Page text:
South Scotland

Prisoners at HMP Dumfries describe life behind bars

Jason and James

Prisoners spend up to 15 hours a day locked in their cells at HMP Dumfries.

In there, they can read books, watch television and play computer games. They have a kettle, a sink, a safe and most have a toilet.

The restriction of their liberty is the punishment for their crimes - not their lifestyle inside prison, according to residential officer Kerry Payne.

"Prison isn't a place for punishment anymore," she says. "It's for somebody who's done something wrong to give them that time out to change their life because they don't get that stop-gap.

"Everything just keeps going till it ends up a bigger and bigger problem."

Here, some prisoners describe their life behind bars.


James

James, 27, has been in and out of prison since he was 18 - he's served time in Polmont, Barlinnie and Kilmarnock, as well as Dumfries.

Outside, he is a joiner. While he is inside, he is a "hall passman" - responsible for cleaning part of the prison and for which he is paid £10 a week.

His cell is a cramped space with room for little more than a bed, a sink and a toilet. Prisoners are also provided with a safe with a lock that staff can override during inspections.

James's room is decorated with posters; he has a stereo and he pays £1 a week for a television.

"It's tiny, but it's mine," he says.


Jason

Jason is just over half way through a 13-month sentence at HMP Dumfries.

The 38-year-old has lost count of the number of times he has been locked up since he was remanded for a week when he was 14 years old.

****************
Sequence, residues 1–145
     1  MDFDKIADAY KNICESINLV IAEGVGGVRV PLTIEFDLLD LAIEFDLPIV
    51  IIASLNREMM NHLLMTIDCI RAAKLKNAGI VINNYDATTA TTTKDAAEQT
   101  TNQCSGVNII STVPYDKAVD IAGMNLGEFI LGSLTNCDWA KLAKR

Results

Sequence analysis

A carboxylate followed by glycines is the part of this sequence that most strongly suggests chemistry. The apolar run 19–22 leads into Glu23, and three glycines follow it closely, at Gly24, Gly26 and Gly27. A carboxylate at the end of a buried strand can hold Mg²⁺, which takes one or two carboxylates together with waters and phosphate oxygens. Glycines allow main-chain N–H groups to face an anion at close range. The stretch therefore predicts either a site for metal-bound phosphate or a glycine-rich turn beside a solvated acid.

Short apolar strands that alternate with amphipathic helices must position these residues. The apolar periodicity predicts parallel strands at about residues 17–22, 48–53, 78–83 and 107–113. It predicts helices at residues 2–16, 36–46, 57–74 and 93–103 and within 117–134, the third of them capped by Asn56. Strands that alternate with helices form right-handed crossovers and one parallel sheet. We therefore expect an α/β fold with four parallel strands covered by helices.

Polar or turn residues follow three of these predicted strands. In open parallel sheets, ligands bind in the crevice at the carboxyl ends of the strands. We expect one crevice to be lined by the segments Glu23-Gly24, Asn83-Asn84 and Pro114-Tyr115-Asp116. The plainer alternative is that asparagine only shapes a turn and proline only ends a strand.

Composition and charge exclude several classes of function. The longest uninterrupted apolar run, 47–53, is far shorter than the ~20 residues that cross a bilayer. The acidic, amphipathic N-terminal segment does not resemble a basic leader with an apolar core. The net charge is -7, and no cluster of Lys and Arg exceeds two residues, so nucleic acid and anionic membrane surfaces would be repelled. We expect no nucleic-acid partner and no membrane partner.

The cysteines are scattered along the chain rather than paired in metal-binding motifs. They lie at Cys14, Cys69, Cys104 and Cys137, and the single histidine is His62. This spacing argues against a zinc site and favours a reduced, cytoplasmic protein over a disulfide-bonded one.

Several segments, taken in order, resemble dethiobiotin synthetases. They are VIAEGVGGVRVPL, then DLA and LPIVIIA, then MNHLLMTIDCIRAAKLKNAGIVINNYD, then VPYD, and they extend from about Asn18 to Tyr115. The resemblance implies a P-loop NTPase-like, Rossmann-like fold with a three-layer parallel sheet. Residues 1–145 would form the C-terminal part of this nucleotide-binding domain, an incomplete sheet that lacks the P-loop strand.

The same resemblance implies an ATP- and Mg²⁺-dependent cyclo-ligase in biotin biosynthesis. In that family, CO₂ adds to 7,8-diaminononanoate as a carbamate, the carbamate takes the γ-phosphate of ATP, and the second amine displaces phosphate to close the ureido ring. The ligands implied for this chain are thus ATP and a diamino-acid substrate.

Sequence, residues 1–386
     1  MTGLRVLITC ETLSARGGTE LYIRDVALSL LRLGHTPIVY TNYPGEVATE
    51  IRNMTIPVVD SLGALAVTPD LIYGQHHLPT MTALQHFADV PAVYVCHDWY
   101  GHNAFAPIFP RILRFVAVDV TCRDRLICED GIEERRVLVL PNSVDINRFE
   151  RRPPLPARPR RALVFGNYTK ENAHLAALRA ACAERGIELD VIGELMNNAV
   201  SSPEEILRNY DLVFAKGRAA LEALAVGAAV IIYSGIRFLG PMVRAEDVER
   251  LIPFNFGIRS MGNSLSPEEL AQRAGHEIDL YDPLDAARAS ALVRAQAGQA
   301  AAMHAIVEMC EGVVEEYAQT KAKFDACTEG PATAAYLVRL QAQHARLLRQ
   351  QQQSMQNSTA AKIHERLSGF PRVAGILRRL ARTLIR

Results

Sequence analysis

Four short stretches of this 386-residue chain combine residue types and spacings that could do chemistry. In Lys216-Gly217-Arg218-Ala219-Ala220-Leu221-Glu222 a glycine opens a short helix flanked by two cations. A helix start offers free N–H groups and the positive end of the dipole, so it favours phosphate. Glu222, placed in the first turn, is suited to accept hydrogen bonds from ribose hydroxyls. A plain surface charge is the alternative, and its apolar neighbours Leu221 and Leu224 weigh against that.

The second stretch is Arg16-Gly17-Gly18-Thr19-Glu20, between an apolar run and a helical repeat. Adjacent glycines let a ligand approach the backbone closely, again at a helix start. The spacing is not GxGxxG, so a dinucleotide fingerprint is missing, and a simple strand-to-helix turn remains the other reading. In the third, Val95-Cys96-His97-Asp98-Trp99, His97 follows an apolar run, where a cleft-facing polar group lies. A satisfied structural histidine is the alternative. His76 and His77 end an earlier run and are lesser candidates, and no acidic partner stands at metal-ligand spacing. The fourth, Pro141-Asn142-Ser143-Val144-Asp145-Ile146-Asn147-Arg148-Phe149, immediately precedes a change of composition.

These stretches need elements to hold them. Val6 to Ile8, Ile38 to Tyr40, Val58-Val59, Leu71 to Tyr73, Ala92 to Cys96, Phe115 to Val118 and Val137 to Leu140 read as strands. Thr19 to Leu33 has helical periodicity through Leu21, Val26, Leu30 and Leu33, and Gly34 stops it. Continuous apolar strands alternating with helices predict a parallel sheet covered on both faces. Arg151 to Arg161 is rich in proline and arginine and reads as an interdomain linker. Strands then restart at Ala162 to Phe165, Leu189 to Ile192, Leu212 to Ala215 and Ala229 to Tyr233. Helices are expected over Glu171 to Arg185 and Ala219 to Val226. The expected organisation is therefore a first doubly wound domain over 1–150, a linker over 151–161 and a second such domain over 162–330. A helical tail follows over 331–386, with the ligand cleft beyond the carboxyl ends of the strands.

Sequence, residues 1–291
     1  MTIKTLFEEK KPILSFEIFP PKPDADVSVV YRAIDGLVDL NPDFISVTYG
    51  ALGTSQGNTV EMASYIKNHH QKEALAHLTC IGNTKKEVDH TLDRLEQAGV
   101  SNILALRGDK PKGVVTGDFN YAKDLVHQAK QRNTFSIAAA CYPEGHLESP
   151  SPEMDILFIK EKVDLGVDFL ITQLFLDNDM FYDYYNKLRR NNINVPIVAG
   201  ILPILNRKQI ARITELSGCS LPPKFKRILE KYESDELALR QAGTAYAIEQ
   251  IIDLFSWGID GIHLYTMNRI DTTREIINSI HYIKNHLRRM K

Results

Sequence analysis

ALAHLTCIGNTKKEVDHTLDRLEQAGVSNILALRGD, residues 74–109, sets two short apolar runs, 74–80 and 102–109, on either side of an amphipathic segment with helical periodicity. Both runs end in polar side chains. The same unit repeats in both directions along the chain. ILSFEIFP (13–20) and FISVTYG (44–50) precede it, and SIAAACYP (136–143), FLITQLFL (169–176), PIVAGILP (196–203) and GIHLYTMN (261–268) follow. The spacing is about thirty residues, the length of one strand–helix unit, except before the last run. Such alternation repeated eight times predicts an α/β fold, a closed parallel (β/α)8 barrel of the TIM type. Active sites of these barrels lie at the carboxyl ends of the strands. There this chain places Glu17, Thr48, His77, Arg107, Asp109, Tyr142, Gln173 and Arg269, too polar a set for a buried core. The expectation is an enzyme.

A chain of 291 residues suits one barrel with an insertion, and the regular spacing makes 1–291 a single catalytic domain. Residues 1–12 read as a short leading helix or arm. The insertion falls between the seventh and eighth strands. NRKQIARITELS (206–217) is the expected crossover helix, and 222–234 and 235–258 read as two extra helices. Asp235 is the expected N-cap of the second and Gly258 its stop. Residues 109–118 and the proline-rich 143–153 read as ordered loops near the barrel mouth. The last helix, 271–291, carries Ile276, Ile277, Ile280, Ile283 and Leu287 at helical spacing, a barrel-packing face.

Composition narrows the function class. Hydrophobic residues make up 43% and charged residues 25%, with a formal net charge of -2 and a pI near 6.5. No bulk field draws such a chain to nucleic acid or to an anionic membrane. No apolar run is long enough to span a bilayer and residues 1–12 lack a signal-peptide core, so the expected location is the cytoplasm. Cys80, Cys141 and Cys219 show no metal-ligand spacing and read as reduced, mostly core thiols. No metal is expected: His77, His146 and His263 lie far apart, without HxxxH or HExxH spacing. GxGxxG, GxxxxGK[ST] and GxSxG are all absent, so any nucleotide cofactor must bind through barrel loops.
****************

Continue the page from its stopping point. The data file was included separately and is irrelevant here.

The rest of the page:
"It's become a bit of a revolving door for me," he says.

Does prison help him?

"No, no. I think you've got to help yourself. Prison doesn't help me, no.

"I suppose over all the years, I've started to think a lot more. I'm getting older now so I'm starting to think a lot more about changing or certainly not doing the same things over and over again but that's taken a long time."

So will this be his last prison sentence? "That's my idea, yeah."

He is taking art lessons in prison - he enjoys it but he is unlikely to continue his hobby on the outside.

"There's a lot of things I need to address first," he says.

Does he enjoy being in prison? "No, definitely not." He'd rather have his freedom? "Yeah, absolutely."


Ryan

Ryan, a former police officer, has 12 weeks left to serve of his sentence.

He served the first three weeks of his sentence at HMP Addiewell in West Lothian - the local prison for the 29-year-old from Lanarkshire.

"I was kept in isolation from the general population just because of the fact that everyone in the prison would have known me because I probably put a few of them in there," he says.

He was "terrified" of moving to Dumfries, away from his family, but he says staff "couldn't have been more helpful".

During his sentence he has trained as an industrial cleaner.

"I really enjoy the cleaning, to be fair. You're always kept busy, there's always something to do. And I take pride in it. I like to make sure the place is clean and it is presentable."

He added: "It's funny. I wouldn't say anyone enjoys being in here, that would be sort of masochistic. But I think having something to do, having a purpose, having something to work at does sort of make the days go quicker.

"But to the same effect, getting my visits at the weekend, it makes it a lot better."


Related Topics

More on this story

Related Internet links

The BBC is not responsible for the content of external Internet sites